We're unable to sign you in at this time. Please try again in a few minutes.
We were able to sign you in, but your subscription(s) could not be found. Please try again in a few minutes.
There may be a problem with your account. Please contact the AMA Service Center to resolve this issue.
Contact the AMA Service Center:
Telephone: 1 (800) 262-2350 or 1 (312) 670-7827  *   Email: subscriptions@jamanetwork.com
Error Message ......
Article |

Is It Bile or Bilirubin?

John M. Eiband, M.D.; Herbert L. Fred, M.D.
Arch Intern Med. 1963;111(4):405-406. doi:10.1001/archinte.1963.03620280005002.
Text Size: A A A
Published online


From time to time there appear articles which make a plea for greater specificity in speaking and writing.1,2 This is as it should be, since precision in the communication of knowledge is important to the progress of science. In line with this thesis, we shall point out reasons for abandoning the inappropriate use of "bile in the urine," a term long entrenched in medical tradition.

Exactly how or when this phrase became common jargon is not certain. As early as 400 B.C. Hippocrates described jaundice and mentioned dark urine.3 In the 13th Century John Actuarius wrote that discolored urine resulted from admixture with bile, or, more rarely, with blood.4 Richard Bright, in an excellent treatise on jaundice published in 1836, referred to the urine of his patients as being "highly tinged with bile" or "loaded with bile."5 In 1845 Scherer isolated a crude preparation of biliverdin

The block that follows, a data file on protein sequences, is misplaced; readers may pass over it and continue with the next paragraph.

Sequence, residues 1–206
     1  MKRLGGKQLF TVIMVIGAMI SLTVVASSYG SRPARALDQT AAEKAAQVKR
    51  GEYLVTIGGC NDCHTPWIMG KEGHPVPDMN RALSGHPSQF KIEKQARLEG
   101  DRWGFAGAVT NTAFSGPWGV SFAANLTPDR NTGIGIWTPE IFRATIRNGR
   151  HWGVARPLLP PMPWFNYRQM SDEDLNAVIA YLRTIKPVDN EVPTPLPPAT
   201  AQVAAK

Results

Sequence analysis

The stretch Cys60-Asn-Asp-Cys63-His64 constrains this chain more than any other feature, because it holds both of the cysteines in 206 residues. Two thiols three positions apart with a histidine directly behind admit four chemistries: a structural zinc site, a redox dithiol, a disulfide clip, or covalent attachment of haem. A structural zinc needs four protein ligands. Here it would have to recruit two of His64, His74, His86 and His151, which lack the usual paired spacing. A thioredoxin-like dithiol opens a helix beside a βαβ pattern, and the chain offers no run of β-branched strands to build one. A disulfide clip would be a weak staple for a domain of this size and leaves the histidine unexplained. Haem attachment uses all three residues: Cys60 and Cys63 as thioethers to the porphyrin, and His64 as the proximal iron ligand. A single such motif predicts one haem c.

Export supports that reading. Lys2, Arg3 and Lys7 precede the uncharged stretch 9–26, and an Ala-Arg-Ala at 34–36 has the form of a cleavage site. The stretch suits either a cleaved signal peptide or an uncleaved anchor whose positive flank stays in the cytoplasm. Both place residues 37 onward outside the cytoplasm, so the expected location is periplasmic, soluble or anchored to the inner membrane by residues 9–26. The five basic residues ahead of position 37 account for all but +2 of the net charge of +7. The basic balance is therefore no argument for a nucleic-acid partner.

Sign in

Purchase Options

• Buy this article
• Subscribe to the journal
• Rent this article ?

First Page Preview

View Large
First page PDF preview





Also Meets CME requirements for:
Browse CME for all U.S. States
Accreditation Information
The American Medical Association is accredited by the Accreditation Council for Continuing Medical Education to provide continuing medical education for physicians. The AMA designates this journal-based CME activity for a maximum of 1 AMA PRA Category 1 CreditTM per course. Physicians should claim only the credit commensurate with the extent of their participation in the activity. Physicians who complete the CME course and score at least 80% correct on the quiz are eligible for AMA PRA Category 1 CreditTM.
Note: You must get at least of the answers correct to pass this quiz.
Please click the checkbox indicating that you have read the full article in order to submit your answers.
Your answers have been saved for later.
You have not filled in all the answers to complete this quiz
The following questions were not answered:
Sorry, you have unsuccessfully completed this CME quiz with a score of
The following questions were not answered correctly:
Commitment to Change (optional):
Indicate what change(s) you will implement in your practice, if any, based on this CME course.
Your quiz results:
The filled radio buttons indicate your responses. The preferred responses are highlighted
For CME Course: A Proposed Model for Initial Assessment and Management of Acute Heart Failure Syndromes
Indicate what changes(s) you will implement in your practice, if any, based on this CME course.


Some tools below are only available to our subscribers or users with an online account.

0 Citations

Sign in

Purchase Options

• Buy this article
• Subscribe to the journal
• Rent this article ?

Related Content

Customize your page view by dragging & repositioning the boxes below.